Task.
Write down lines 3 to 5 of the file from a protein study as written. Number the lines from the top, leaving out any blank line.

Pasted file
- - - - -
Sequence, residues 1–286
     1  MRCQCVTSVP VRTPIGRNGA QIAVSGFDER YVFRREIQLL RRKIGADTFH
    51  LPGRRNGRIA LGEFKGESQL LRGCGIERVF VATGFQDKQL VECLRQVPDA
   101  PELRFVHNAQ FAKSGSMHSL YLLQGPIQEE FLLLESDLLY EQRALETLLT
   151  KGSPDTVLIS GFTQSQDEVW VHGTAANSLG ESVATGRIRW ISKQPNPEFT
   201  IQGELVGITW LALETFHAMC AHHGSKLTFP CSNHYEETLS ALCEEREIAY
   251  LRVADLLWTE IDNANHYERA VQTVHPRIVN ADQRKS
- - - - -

    51  LPGRRNGRIA LGEFKGESQL LRGCGIERVF VATGFQDKQL VECLRQVPDA
   101  PELRFVHNAQ FAKSGSMHSL YLLQGPIQEE FLLLESDLLY EQRALETLLT
   151  KGSPDTVLIS GFTQSQDEVW VHGTAANSLG ESVATGRIRW ISKQPNPEFT